nep-ene New Economics Papers
on Energy Economics
Issue of 2022‒05‒30
28 papers chosen by
Roger Fouquet
London School of Economics

  1. A potential sudden stop of energy imports from Russia: Effects on energy security and economic output in Germany and the EU By Berger, Eva M.; Bialek, Sylwia; Garnadt, Niklas; Grimm, Veronika; Other, Lars; Salzmann, Leonard; Schnitzer, Monika; Truger, Achim; Wieland, Volker
  2. Conflit Russie - Ukraine : quelles conséquences sur les économies africaines ? By Julien Gourdon; Audrey-Anne de Ubeda
  3. The Future of Electric Vehicles in Asia By Alicia Garcia-Herrero
  4. Policies for Electrification of the Car Fleet in the Short and Long Run - Subsidizing Electric Vehicles or Subsidizing Charging Stations? By Cathrine Hagem; Snorre Kverndokk; Eric Nævdal; Knut Einar Rosendahl
  5. Preferences for dynamic electricity tariffs: A comparison of households in Germany and Japan By Miwa Nakai; Victor von Loessl; Heike Wetzel
  6. Green Growth By Anna Valero
  7. Concepts of justice in the degrowth debate By Hennen, Sonja
  8. Climate change and credit risk: the effect of carbon taxes on Italian banks’ business loan default rates By Maria Alessia Aiello; Cristina Angelico
  9. Invasione dell’Ucraina: la risposta della commissione europea alla crisi energetica By Marco Boccaccio
  10. Modeling stock-oil co-dependence with Dynamic Stochastic MIDAS Copula models By Nguyen, Hoang; Virbickaite, Audrone
  11. Extending the Limits of the Abatement Cost By Guy Meunier; Jean-Pierre Ponssard
  12. Quantifying knowledge spillovers from advances in negative emissions technologies By Giorgio Tripodi; Francesco Lamperti; Roberto Mavilia; Andrea Mina; Francesca Chiaromonte; Fabrizio Lillo
  13. La nouvelle stratégie énergétique de la Chine en Afrique : Enjeux et défis By Julien Gourdon; Matthys Lambert; Achille Macé
  14. Understanding Climate Damages: Consumption versus Investment By Gregory P. Casey; Stephie Fried; Matthew Gibson
  15. May The Forcing Be With You: Experimental Evidence on Mandatory Contributions to Public Goods By P. Battiston; L. Chollete; S. Harrison
  16. International trade and environmental corporate social responsibility By Bárcena-Ruiz, Juan Carlos; Sagasta, Amagoia
  17. “And Breathe Normally†: The Low Emission Zone impacts on health and well-being in England. By Beshir, H.A.;; Fichera, E.;
  18. Etat des lieux et régulation de l'autoconsommation collective en France By Gilles Debizet
  19. BELT AND ROAD INITIATIVE: Developments, Economic and Strategic Implications By Ashwani Bishnoi; Pravakar Sahoo
  20. What works best in promoting climate citizenship? A randomised, systematic evaluation of nudge, think, boost and nudge+ By Banerjee, Sanchayan; Galizzi, Matteo M.; John, Peter; Mourato, Susana
  21. De la ressource commune au péril commun : Repenser nos modèles de l'action climatique By Charlotte Demonsant; Armand Hatchuel; Kevin Levillain; Blanche Segrestin
  22. Micromobility Trip Characteristics, Transit Connections, and COVID-19 Effects By Fukushige, Tatsuya MS; Fitch, Dillon T. PhD; Mohiuddin, Hossain MS; Andersen, Hayden BS; Jenn, Alan PhD
  23. Determinants of Remittance Outflows: The Case of Saudi Arabia By Muhammad Javid; Fakhri Hasanov
  24. Il consumo di energia da fonti rinnovabili in Europa dal 2004 al 2019: uno studio basato sulla cluster analysis By Bedetti, Alessandro
  25. How to Finance Climate Change Policies? Evidence from Consumers' Beliefs By Francesco D'Acunto; Sascha Möhrle; Florian Neumeier; Andreas Peichl; Michael Weber; Sascha Möhrle; Michael Weber
  26. Climate Change and Individual Behavior By Bernard, René; Tzamourani, Panagiota; Weber, Michael
  27. A Neural Network Approach to the Environmental Kuznets Curve By Mikkel Bennedsen; Eric Hillebrand; Sebastian Jensen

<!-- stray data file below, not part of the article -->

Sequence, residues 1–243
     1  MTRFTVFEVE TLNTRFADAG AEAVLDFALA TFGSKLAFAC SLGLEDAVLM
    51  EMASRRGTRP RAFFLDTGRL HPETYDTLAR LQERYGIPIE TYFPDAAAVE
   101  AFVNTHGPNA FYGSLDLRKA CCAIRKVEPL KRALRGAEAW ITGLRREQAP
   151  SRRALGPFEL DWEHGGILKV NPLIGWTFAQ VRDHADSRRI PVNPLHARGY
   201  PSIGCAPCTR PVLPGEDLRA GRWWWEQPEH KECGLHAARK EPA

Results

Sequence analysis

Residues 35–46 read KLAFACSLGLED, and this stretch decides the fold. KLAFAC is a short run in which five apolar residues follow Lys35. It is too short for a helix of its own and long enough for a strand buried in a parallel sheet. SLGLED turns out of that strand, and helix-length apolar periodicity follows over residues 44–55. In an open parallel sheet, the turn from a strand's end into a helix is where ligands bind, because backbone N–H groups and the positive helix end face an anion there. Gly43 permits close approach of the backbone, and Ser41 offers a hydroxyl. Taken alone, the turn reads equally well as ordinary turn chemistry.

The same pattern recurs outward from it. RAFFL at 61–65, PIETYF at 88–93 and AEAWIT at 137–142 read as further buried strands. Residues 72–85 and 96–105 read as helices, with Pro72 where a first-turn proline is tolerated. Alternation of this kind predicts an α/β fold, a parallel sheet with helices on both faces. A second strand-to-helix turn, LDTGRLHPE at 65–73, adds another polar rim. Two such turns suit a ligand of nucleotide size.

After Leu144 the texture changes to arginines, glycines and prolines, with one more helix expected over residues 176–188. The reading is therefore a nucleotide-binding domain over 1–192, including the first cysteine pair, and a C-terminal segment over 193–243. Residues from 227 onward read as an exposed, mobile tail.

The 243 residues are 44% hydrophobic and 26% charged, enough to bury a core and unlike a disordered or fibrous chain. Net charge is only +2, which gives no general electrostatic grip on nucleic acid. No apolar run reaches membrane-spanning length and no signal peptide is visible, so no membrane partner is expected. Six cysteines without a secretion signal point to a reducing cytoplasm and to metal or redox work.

28. Will the green transition be inflationary? Expectations matter By Alessandro Ferrari; Valerio Nispi Landi

  1. By: Berger, Eva M.; Bialek, Sylwia; Garnadt, Niklas; Grimm, Veronika; Other, Lars; Salzmann, Leonard; Schnitzer, Monika; Truger, Achim; Wieland, Volker
    Abstract: [Introduction] The Russian war of aggression against Ukraine since 24 February 2022 has intensified the discussion of Europe's reliance on energy imports from Russia. A ban on Russian imports of oil, natural gas and coal has already been imposed by the United States, while the United Kingdom plans to cease imports of oil and coal from Russia by the end of 2022. The European Commission has announced on 5 April 2022 to ban coal imports from Russia (Europäische Kommission, 2022a). It has been wrestling with the idea of an oil and gas embargo against Russia. At the same time, Russia may decide to stop its energy exports to countries that are imposing sanctions. The German Federal Government is currently opposing an energy embargo against Russia (BMWK, 2022a). However, the Federal Ministry for Economic Affairs and Climate Action (BMWK) is working on a strategy to reduce energy imports from Russia (BMWK, 2022b, 2022c). The urgency to reduce dependency on Russian gas seemed to have increased particularly after the Russian president announced Russia would accept only the Russian currency Ruble for energy exports - even though the issue seems to have been solved by energy importers opening accounts at the Gazprom bank. On 30 March 2022 the BMWK has declared early warning, i.e., the first of three crises levels according to the emergency plan for gas (BMWK, 2022d), which is based on the EU regulation 2017/1938 concerning measures to safeguard the security of gas supply (BMWK, 2022d). The crisis level of early warning primarily serves at improving information flows and cooperation between the relevant authorities; currently, no market intervention is undertaken. In this paper we first give an overview of the German and European reliance on energy imports from Russia with a focus on gas imports (Section II) and we discuss price effects (Section II.1), alternative suppliers of natural gas (Section II.2), and the potential for saving and replacing natural gas (Section II.3). In Section III, we provide an overview of estimates of the consequences on the economic outlook if the conflict intensifies. Section IV concludes.